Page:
Britishisms Cards

What is it to be British?

What sets the people of Shakespeare’s “sceptred isle” apart? Many are the ways. Certain habits, quirks, orders of conduct, idiosyncrasies, ways of doing things and of having things done, manners and mannerisms are singularly British. Humour is another quality, as is typified in this unique folio of greeting cards.

The Cup Final

No.8 in a portfolio of 8 original insights

The FA Cup, the Football Association Challenge Cup, is the most sought after trophy in British sport. It is the one competition where clubs of all divisions, all manner of ability and potential, compete for the honour of the Cup. Since its inception in the 1871-72 season, the rules have changed, the players’ kit has changed and the footballs have changed, but the glory abides.

A Cuppa

No.7 in a portfolio of 8 original insights

Together with the Royal Family, nothing is more quintessentially British than a piping hot cup of tea. The taking of tea is a time-honoured tradition. Tea eclipses all social barriers. There is no celebration worthy of its name, and no tragedy so great, that it can’t be improved with a proper cup of tea. On average, 3.5 cups of tea are consumed every day for each person of British stock.


No.6 in a portfolio of 8 original insights

Remembrance Day. At the eleventh hour, of the eleventh day, of the eleventh month each year, Britain observes a minute’s silence to commemorate those members of the British armed forces, who have given their lives for King and Country, in all conflicts, since World War One. Traditionally worn in the lapel, the red poppy from the fields of Flanders is the symbol of this hallowed occasion.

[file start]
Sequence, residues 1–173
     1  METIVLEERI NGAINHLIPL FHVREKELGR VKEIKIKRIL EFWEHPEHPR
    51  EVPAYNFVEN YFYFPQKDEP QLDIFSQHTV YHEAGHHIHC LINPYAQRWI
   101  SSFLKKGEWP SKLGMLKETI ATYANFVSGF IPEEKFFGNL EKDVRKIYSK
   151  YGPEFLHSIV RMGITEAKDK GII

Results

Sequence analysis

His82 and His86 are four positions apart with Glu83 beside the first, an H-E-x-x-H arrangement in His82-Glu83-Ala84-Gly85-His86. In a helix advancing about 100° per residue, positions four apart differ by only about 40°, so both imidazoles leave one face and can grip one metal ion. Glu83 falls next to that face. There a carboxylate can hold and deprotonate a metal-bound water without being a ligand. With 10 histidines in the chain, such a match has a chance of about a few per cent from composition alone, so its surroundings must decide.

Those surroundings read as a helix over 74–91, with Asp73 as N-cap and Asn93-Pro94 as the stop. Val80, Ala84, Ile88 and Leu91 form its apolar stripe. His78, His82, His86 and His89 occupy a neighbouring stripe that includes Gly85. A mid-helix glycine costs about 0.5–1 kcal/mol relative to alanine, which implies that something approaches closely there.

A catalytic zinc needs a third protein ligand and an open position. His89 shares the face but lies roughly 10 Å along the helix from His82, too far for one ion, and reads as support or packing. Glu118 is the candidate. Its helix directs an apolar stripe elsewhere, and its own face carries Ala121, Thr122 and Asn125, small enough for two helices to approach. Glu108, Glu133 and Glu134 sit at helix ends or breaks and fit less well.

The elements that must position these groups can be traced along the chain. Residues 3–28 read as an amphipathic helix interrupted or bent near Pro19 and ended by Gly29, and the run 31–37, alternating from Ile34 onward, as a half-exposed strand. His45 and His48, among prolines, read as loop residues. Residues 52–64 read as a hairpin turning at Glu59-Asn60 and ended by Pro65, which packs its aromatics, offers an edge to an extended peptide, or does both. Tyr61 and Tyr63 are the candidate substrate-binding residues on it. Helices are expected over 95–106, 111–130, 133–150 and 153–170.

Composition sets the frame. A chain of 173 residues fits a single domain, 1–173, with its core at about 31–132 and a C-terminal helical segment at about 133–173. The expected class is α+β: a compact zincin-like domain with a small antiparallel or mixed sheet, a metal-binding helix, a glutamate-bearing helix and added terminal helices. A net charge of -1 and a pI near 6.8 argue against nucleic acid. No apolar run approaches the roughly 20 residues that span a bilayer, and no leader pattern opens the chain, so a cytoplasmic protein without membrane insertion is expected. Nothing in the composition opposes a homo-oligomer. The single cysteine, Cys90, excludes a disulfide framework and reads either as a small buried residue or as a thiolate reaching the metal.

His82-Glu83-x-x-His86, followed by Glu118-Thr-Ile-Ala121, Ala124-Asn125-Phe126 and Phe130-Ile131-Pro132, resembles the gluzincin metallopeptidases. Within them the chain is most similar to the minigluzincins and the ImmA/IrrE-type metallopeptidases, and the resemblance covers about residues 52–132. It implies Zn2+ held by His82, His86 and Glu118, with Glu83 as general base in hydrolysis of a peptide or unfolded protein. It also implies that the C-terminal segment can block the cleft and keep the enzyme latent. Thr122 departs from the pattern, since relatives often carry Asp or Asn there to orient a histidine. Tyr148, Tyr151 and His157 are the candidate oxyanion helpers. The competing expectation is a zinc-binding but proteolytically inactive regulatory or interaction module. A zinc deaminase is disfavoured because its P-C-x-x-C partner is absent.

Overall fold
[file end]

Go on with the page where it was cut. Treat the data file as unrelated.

The Seaside

No.5 in a portfolio of 8 original insights

The seaside in summer is a magnet to Britons. Perhaps it’s the fact that the weather is so beastly for so much of the year that, at the first hint of sunshine, Britons head in droves for sandy beaches. Not always as one might imagine to Turkey, Cyprus, or the Costa del Sol, but more often to Blackpool, Eastbourne, Brighton, or Penzance - Britannia’s own peaceful seaside idylls.

Page 3

No.4 in a portfolio of 8 original insights

Page 3 of The Sun newspaper is famous for displaying the busty attributes of glamourous young female models. The first Page 3 Girls appeared in late 1969 as a gimmick to bolster flagging circulation figures. Titillating puns and risqué double entendres caption the poses. Much imitated by other tabloid newspapers worldwide, Page 3 remains proudly British in content and cultural contribution.


No.3 in a portfolio of 8 original insights

One facet of being “frightfully British” is to be exceedingly polite, whatever the circumstances or provocation. This characteristic of the British psyche is found in the frequent use of the word “Sorry” to cover a multitude of transgressions real or imagined. Sorry may be the most widely misused word in the English language.